WESTON — Weston Playhouse Theatre Company is wrapping up its 2021 comeback stage season with a production of Katori Hall’s popular and acclaimed play, “The Mountaintop,” to be directed by Raz Golden — who made another Vermont appearance this summer at Dorset.
The play aspires to take the audience on a climb similar to its title. The story is set on the evening of April 3, 1968, in Room 306 of the Lorraine Motel in Memphis, Tennessee.
There, after having earlier delivered his final speech, known today as “I’ve been to the mountaintop,” the Rev. King (Neil Dawson) orders room service — a request fulfilled by a smooth-talking, Pall Mall-smoking, Irish Whisky flask-toting maid, Camae (Maechi Aharanwa).
But Camae is more than just a maid; she is a recently ascended angel — a Black woman recently attacked and killed by a white man — who has been handed a tough first assignment by God to guide Dr. King through his death the next day, and bring him home to his eternal residence in Heaven.
Camae also has the power to show King the future, call God on the hotel phone, and just about every other whimsical device one can imagine, like dropping an April snow in Memphis. Whimsy, perhaps, is the best word to describe the method by which Ms. Hall has her characters ascend “The Mountaintop.”
Artistic director Susanna Gellert has had “The Mountaintop” on her mind for some time, and said it “asks us each to consider our role in society.”
“I first encountered ‘The Mountaintop’ in 2012, just after its Broadway premiere,” Gellert said recently while watching rehearsals. “A decade ago, the play felt like a blast of pure oxygen: enlivening and surprising, shocking and exhilarating. Now, preparing for this revival, I am struck by how fresh and thought-provoking [its] ideas and perspectives remain.”
The play is truly a “classic in the making,” Gellert said, and a story that will “stay with us and teach us, time and time again, generation after generation.”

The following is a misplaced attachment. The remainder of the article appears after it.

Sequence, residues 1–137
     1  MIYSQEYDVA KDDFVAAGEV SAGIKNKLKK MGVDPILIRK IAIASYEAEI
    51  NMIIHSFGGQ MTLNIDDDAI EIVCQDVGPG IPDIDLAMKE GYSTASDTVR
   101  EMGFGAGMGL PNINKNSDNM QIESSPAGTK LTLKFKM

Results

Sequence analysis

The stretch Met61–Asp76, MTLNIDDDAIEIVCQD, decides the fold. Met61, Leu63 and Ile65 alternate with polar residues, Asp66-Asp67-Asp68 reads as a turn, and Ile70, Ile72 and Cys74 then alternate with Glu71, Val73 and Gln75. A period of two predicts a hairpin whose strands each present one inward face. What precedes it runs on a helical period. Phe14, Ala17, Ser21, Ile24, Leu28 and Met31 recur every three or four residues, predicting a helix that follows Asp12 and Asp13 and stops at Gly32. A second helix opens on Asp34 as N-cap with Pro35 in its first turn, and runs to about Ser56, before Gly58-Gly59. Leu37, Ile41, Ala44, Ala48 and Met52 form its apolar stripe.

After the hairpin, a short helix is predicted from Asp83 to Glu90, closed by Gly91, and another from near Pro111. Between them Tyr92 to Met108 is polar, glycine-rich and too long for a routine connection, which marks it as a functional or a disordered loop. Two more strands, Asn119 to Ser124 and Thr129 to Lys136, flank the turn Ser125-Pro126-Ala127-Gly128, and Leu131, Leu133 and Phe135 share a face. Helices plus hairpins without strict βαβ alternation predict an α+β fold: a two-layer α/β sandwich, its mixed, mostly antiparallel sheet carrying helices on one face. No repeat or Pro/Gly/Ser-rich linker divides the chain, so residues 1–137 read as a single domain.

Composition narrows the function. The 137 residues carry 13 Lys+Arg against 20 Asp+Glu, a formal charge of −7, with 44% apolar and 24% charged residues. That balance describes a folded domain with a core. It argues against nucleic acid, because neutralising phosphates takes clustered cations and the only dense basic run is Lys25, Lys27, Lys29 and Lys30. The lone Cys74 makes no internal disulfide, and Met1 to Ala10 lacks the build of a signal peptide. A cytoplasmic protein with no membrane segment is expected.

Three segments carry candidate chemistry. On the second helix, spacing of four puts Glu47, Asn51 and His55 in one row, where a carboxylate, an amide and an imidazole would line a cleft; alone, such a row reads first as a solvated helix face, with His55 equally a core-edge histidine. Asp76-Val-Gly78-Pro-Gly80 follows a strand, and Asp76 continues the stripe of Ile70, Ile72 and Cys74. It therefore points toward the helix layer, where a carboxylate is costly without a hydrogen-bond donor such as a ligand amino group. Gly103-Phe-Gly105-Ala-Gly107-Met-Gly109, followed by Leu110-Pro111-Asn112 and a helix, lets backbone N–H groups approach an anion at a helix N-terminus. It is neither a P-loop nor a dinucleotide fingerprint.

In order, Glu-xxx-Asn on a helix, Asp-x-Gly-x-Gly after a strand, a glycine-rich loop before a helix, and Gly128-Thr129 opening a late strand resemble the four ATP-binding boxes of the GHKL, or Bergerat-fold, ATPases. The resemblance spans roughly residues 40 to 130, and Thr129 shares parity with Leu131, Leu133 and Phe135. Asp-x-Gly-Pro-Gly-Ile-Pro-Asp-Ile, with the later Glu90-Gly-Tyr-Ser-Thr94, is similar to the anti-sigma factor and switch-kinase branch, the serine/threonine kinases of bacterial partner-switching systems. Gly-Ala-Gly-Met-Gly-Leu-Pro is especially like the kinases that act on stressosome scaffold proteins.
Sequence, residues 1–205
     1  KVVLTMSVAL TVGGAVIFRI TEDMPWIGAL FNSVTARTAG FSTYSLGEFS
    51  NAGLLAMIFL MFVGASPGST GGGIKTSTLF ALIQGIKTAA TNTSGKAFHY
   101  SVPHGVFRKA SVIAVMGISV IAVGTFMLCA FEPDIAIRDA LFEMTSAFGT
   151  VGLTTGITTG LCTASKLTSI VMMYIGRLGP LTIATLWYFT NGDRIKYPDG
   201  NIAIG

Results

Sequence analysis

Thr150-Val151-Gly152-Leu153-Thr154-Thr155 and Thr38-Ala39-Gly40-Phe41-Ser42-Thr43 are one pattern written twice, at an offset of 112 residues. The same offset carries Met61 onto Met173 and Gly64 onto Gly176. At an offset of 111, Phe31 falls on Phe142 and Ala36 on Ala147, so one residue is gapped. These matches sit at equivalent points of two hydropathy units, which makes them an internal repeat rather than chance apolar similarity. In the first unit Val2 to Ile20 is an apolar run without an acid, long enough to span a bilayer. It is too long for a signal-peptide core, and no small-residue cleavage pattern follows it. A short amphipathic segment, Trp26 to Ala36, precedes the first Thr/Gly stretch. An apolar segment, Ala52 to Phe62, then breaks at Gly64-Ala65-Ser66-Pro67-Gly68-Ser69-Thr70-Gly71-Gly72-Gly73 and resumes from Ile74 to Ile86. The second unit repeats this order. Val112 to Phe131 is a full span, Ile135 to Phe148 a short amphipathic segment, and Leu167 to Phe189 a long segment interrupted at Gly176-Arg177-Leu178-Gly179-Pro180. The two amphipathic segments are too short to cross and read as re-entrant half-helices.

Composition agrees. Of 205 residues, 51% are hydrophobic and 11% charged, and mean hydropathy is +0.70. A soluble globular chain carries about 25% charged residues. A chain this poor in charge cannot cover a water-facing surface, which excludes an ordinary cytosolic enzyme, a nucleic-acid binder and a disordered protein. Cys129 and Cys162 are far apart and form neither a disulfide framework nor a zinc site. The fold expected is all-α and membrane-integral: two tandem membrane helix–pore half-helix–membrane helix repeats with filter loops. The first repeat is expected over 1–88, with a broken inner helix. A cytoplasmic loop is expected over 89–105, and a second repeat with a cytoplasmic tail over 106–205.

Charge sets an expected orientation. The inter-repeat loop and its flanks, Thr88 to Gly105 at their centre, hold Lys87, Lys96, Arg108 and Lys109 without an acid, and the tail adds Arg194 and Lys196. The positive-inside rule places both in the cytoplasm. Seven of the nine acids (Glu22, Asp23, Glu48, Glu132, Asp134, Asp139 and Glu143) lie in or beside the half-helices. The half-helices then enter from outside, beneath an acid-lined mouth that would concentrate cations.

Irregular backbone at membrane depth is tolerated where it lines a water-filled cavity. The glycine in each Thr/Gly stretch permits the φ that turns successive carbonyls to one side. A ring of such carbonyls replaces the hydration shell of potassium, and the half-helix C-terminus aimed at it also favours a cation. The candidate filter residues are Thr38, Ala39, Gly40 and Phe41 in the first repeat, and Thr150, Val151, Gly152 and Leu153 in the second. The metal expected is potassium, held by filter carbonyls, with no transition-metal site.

Golden, after a fruitful day of working with his actors, agreed with Gellert, adding that as a director he sees himself “obsessed with how we remember history and how the act of remembrance shapes the figure itself.”
“Our production investigates the legacy of Dr. Martin Luther King both as a human man and as an historical object,” Golden said. “And we explore how Camae, a visitor from afar, forces the two concepts to collide.”
Golden is joined by a crew of industry stalwarts: scenic design by Frank J. Oliva, costume design by April M. Hickman, lighting design by Austin Boyle, sound design by Carsen Joenk, projections design by Stefania Bulbarella and production stage management by Melissa Richter.
In all, Gellert concluded by saying she was thrilled to be able to finally bring “the Mountaintop” to Weston, and that the play itself goes far beyond history into a visceral place that will strike a chord with audiences:
“[This story] asks us to dream that we all, however small we may think ourselves, have the power to do good in the world.”
“The Mountaintop” by Katori Hall, and directed by Raz Golden, will run from today to Oct. 23 at Weston Playhouse’s Walker Farm, 705 Main St., Weston. Socially distanced indoor pod seating, and masks (before during and after performance) required for fully vaccinated (proof required) audience members. Tickets: call the box office at 802-824-5288 or visit westonplayhouse.org